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Australia mulls fingerprint scans of welfare recipients

Australia mulls fingerprint scans of welfare recipients

The Australian Federal government may soon implement fingerprint scans for clients of social security agency Centrelink, with two federal ministers so far refusing to rule out the proposition.

The Australian Federal government may soon implement fingerprint scans for clients of social security agency Centrelink, with two federal ministers so far refusing to rule out the proposition. Centrelink currently has 6.5 million clients on various forms of pensions, family allowances, sickness, unemployment and study benefits.

After authorizing a tender calling for 31,000 fingerprint scanners to vet the identity of Centrelink staff, the office of Human Services minister Joe Hockey has rendered itself conspicuously silent on whether the government is planning to roll out finger-scanning to its clients.

Hockey's office was unavailable for comment and did not return numerous calls from Computerworld.

According to a Centrelink request for tender (RFT), the fingerprint scanners will be connected "to all PCs and laptops, and will be used by staff in office environments and for remote access by mobile users for connection to Centrelink's computing environment".

However, according to the agency's annual report, it only has 25,448 employees - 5000 people less than the proposed number of scanners to be deployed.

The RFT does not indicate why Centrelink needs so many extra scanners, raising serious questions as to what their intended purpose may be.

The office of Minister for Family and Community Services, Senator Kaye Patterson also declined to comment, insisting the matter resides entirely with Senator Hockey because it involves "service delivery".

Unions claim the government is also mushrooming Centrelink employees over the matter.

Commonwealth Public Sector Union (CPSU) national president Mark Gepp said "we are completely in the dark" and no steps had been taken by management to brief workers.

Gepp said it was highly unlikely Centrelink was about to employ thousands of extra staff to absorb the new machines.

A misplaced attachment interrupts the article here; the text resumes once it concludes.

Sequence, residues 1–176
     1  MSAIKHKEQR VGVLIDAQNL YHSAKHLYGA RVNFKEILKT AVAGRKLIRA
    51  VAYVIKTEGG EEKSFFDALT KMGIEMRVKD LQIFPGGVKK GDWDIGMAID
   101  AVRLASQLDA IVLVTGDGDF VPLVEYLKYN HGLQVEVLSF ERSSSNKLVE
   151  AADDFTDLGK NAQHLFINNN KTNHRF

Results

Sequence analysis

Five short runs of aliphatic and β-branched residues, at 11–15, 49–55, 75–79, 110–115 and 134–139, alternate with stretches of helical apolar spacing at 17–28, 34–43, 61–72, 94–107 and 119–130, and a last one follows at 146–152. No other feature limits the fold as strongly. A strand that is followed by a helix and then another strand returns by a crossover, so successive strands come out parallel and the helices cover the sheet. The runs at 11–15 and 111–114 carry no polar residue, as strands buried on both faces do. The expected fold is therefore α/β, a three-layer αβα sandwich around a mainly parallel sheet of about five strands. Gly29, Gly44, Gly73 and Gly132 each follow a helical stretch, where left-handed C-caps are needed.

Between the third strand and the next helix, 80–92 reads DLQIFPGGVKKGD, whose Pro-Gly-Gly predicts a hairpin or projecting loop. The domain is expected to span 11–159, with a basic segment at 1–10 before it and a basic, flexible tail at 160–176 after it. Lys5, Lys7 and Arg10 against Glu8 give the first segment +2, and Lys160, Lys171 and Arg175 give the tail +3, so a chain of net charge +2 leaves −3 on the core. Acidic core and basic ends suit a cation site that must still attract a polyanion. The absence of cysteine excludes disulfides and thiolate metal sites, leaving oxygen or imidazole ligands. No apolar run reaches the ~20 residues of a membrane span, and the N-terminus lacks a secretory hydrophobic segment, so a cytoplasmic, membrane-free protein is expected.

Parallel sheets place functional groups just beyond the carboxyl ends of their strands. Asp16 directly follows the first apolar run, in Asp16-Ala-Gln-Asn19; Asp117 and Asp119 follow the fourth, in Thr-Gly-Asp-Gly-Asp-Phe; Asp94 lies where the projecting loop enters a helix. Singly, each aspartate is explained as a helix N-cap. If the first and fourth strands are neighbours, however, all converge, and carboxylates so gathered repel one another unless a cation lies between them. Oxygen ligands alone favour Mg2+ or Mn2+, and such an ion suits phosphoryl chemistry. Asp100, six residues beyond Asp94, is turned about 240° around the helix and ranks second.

Should the technology be extended to Centrelink clients, Gepp said staff had every right to be informed because it would significantly impact their workplace.

The CPSU has written to the CEO of Centrelink seeking an urgent briefing and is yet to receive a response.

Privacy advocates are also cool on Centrelink's big foray into biometrics, warning such moves come with serious risks.

Network engineer and board member of electronic privacy group Electronic Frontiers Australia Dale Clapperton welcomed Centrelink's stronger focus on bolting down access to files and documents, but warned the technology was flawed.

"Fingerprint reading is one of the more unreliable forms of biometrics. [It has been proven in tests] most fingerprint readers can be fooled by ordinary people with ordinary equipment," Clapperton said.

He questioned the effectiveness of fingerprinting clients to crack down on fraud because it merely reinforced an already flawed set of paper checks.

"If Centrelink is being fooled by people presenting fake birth certificates or documents for someone that has died, how is finger scanning going to help?" he asked.

Union opposes scanning

Finance Sector Union national spokesperson Rod Masson said if a system of fingerprint scanning is introduced in banks and financial institutions it will negate contracts already in place. He said workers have signed and entered contracts stating they understand their responsibility regarding the handling of confidential data. Fingerprint scanners, he said, will abuse that trust.

"The vast majority of finance sector workers and Centrelink staff are honest trustworthy people not seeking to breach any kind of confidentiality," Masson said

"The general concern would be how to maintain the privacy of the individual worker - I would hate to think records bearing fingerprints may somehow go awry or get missed."

When it comes to trust, Masson said, the difference between being overly suspicious and putting in place systems to manage performance are subtle and often misunderstood.

He said it is a balancing act to ensure management isn't over-zealous.

"Look at call centres or back office operations where there is a high level of people monitoring to meet workload targets; supervisors can become over efficient when it comes to implementing technology," Masson said. -- Computerworld Today (Australia)

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